Gov. Jerry Brown of California announced the Climate Action Summit, planned for San Francisco in September 2018, in a video.
By LISA FRIEDMANJULY 6, 2017
Gov. Jerry Brown of California on Thursday reinforced his reputation as America’s de facto leader on climate change, announcing to cheering crowds in Hamburg, Germany that his state would gather leaders from around the world for a global warming summit next year.
Speaking by videoconference to the Global Citizens Festival in Hamburg, where President Donald Trump is joining other world leaders for the Group of 20 economic summit, Governor Brown said the president “doesn’t speak for the rest of America” in pulling out of the Paris agreement on climate change.
“Look, it’s up to you and it’s up to me and tens of millions of other people to get it together to roll back the forces of carbonization and join together to combat the existential threat of climate change. That is why we’re having the Climate Action Summit in San Francisco, September 2018,” Governor Brown told the crowd.
“Yes, I know President Trump is trying to get out of the Paris agreement, but he doesn’t speak for the rest of America,” he said. “We in California and in states all across America believe it’s time to act.” Mr. Trump declared in June that the United States would withdraw from the 2015 pact, in which nearly 200 nations pledged to curb greenhouse gas emissions and support poor countries’ plans to develop clean energy and protections against climate-related disasters.
Global Climate Action Summit
Uploaded on Jul 6, 2017
A new report shows that the US government provided about $6 billion annually in financial support to the oil, gas, and coal industries between 2013 and 2015. That’s over four times the amount that went to clean energy, which received $1.3 billion.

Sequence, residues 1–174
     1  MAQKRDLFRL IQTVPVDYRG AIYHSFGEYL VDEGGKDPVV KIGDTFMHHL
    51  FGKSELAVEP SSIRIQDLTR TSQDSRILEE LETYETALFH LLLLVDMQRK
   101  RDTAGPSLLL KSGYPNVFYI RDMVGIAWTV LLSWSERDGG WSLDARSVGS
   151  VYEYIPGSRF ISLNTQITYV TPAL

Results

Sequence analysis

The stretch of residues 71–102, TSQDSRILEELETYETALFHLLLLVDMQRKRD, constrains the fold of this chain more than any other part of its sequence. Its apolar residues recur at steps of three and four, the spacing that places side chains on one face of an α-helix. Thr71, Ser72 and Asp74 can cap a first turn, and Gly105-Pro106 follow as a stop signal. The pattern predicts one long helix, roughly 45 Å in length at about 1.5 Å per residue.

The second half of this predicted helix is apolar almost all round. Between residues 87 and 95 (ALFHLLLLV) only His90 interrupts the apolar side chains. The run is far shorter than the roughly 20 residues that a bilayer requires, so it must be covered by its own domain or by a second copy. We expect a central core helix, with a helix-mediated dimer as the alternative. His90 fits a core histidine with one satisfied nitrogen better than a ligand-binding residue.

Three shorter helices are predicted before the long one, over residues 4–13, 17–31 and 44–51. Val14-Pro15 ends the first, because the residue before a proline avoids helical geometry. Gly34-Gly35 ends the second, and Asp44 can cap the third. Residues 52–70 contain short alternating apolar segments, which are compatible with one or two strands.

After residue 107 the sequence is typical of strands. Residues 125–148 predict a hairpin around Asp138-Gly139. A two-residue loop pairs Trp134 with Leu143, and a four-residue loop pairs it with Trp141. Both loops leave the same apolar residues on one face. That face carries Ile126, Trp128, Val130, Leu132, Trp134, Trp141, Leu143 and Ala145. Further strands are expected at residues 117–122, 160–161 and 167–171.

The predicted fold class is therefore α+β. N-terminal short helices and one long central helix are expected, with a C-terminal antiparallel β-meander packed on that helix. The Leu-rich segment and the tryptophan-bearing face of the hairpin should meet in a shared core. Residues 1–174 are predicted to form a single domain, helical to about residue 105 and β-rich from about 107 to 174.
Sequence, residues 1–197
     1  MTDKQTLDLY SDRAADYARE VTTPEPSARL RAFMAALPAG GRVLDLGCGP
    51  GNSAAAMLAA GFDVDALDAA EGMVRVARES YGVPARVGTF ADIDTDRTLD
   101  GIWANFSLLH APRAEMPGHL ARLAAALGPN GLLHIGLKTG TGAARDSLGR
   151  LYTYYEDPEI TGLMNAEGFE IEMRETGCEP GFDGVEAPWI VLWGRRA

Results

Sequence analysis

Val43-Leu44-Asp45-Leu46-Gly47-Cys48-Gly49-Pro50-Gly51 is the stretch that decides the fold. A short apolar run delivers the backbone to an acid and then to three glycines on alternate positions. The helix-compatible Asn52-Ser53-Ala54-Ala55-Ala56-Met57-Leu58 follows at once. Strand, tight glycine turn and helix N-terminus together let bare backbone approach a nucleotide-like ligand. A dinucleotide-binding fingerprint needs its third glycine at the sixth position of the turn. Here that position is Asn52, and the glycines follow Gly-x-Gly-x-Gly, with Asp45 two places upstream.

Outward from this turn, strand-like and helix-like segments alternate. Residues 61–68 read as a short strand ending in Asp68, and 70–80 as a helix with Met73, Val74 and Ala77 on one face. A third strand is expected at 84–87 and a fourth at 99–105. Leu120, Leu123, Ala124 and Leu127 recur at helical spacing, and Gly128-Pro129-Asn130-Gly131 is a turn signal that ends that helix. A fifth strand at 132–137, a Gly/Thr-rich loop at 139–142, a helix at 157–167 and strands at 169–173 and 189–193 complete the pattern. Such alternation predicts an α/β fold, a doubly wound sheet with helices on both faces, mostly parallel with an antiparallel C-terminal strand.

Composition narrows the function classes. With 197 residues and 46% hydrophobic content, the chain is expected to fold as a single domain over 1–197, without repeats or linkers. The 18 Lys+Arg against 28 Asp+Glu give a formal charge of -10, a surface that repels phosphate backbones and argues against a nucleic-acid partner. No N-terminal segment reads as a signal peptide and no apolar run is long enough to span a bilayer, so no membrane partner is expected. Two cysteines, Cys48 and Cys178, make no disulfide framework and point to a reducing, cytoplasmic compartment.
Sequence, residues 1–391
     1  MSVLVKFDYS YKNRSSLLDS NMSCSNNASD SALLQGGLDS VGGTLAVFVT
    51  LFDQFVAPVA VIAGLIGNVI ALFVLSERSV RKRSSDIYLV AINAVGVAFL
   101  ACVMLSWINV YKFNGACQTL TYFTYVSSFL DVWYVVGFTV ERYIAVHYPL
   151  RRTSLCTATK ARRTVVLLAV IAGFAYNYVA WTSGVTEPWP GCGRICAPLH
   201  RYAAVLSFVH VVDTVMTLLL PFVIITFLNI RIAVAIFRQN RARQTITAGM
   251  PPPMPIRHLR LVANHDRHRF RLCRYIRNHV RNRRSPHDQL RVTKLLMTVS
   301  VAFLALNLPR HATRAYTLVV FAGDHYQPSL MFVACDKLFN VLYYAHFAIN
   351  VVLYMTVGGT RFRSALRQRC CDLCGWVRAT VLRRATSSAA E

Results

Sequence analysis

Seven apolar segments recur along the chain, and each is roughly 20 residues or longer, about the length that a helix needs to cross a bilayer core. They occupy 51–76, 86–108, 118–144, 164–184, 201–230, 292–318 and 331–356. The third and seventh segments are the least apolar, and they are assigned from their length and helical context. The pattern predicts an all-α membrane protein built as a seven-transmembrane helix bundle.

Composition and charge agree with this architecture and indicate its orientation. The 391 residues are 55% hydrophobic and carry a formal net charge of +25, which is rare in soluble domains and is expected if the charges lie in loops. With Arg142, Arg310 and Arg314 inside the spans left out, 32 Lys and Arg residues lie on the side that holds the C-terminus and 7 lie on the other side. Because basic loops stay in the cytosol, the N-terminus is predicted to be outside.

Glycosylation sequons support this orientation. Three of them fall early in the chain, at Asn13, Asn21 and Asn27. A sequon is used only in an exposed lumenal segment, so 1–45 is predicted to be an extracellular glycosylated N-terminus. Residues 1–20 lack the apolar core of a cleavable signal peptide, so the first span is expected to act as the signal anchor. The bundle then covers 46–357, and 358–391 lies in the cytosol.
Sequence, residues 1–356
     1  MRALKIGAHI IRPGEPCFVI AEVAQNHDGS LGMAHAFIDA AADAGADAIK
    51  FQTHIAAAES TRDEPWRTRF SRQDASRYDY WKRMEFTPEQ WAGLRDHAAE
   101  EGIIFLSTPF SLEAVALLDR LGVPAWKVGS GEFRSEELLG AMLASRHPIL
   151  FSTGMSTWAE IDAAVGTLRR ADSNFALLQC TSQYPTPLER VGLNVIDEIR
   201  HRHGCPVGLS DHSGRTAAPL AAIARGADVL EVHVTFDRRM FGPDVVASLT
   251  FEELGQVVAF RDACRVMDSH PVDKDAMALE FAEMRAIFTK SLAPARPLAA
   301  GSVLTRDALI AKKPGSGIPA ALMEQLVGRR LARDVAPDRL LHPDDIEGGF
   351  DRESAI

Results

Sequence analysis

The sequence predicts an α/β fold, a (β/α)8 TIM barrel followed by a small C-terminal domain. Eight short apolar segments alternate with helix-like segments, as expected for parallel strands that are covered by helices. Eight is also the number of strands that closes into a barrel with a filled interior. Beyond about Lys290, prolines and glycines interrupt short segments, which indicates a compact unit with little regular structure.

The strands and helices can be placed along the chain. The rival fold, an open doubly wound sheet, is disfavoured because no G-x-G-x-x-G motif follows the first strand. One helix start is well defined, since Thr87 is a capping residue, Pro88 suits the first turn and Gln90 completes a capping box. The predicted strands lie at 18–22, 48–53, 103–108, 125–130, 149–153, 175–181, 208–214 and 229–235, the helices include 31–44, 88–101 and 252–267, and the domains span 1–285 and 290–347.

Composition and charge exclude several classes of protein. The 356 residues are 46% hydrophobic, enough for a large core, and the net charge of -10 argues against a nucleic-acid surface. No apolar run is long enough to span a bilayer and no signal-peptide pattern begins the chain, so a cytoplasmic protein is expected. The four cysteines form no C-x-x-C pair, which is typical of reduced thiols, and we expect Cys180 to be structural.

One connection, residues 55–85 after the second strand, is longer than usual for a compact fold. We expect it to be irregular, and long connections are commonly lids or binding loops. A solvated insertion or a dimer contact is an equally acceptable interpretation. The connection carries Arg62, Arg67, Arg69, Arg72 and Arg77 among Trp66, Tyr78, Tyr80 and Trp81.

The report, released July 5, is the product of research conducted by Oil Change International, Friends of the Earth, the Sierra Club, and the World Wildlife Fund’s European Policy Office. Their goal was to parse out the amount of public financing — defined as grants, equity, loans, guarantees, and insurance from majority government-owned financial institutions— that various G20 countries have given to domestic and international energy production.
Data came from Oil Change International’s “Shift the Subsidies Database,” which tracks public financial flow to fossil fuel industries from 2008 until the present. According to that database, the US provided $832 million annually to coal and $5 billion to oil and gas. (It was not possible to determine the split between coal, oil, and gas for the remaining $160 million.)
The US also received $17.5 billion in fossil fuel financing from other G20 countries.
For decades, wealthy countries and private companies have been using international aid, export credit support, and other foreign assistance – grants, loans, equity, and loan guarantees – to subsidize the expansion of the global fossil fuel industry.
For more than a decade, Oil Change International has been tracking these public financial flows to fossil fuels. Our Shift the Subsidies Database of energy finance from international, regional, and bilateral public financial institutions around the world now includes over 7,000 energy finance transactions going back to 2008.
International financial institutions such as the World Bank Group and regional development banks, along with export credit agencies and bilateral aid agencies, provide tens of billions of dollars each year in direct financial support to oil, gas, and coal companies to expand production globally. This dirty energy infrastructure causes local pollution, relocation of communities, and contributes to climate change – which is already hitting developing countries and the poor hardest. Even worse, it rarely supports increased access to energy for the poor, despite this being a common excuse used by politicians when asked about their funding of dirty energy.
Thom Hartmann Program
Published on Jul 6, 2017
Thom speaks with guest Christine Hong (Associate Professor – University of California, Santa Cruz, and Executive Board Member – Korea Policy Institute) about the current tensions surrounding North Korea and the nuclear/missile program, the root causes going back to the 50s, and what we might expect to see going forward. (Pt 2/2)